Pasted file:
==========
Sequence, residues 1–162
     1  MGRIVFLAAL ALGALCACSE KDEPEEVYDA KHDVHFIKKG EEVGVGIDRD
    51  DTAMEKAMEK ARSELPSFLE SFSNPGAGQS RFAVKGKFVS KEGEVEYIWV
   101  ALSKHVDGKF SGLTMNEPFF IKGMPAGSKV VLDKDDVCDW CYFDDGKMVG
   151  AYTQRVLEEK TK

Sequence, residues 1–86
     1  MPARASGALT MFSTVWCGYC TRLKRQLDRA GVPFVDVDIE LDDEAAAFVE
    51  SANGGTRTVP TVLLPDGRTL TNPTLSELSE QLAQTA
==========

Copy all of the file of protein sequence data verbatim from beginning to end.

Sequence, residues 1–162
     1  MGRIVFLAAL ALGALCACSE KDEPEEVYDA KHDVHFIKKG EEVGVGIDRD
    51  DTAMEKAMEK ARSELPSFLE SFSNPGAGQS RFAVKGKFVS KEGEVEYIWV
   101  ALSKHVDGKF SGLTMNEPFF IKGMPAGSKV VLDKDDVCDW CYFDDGKMVG
   151  AYTQRVLEEK TK

Sequence, residues 1–86
     1  MPARASGALT MFSTVWCGYC TRLKRQLDRA GVPFVDVDIE LDDEAAAFVE
    51  SANGGTRTVP TVLLPDGRTL TNPTLSELSE QLAQTA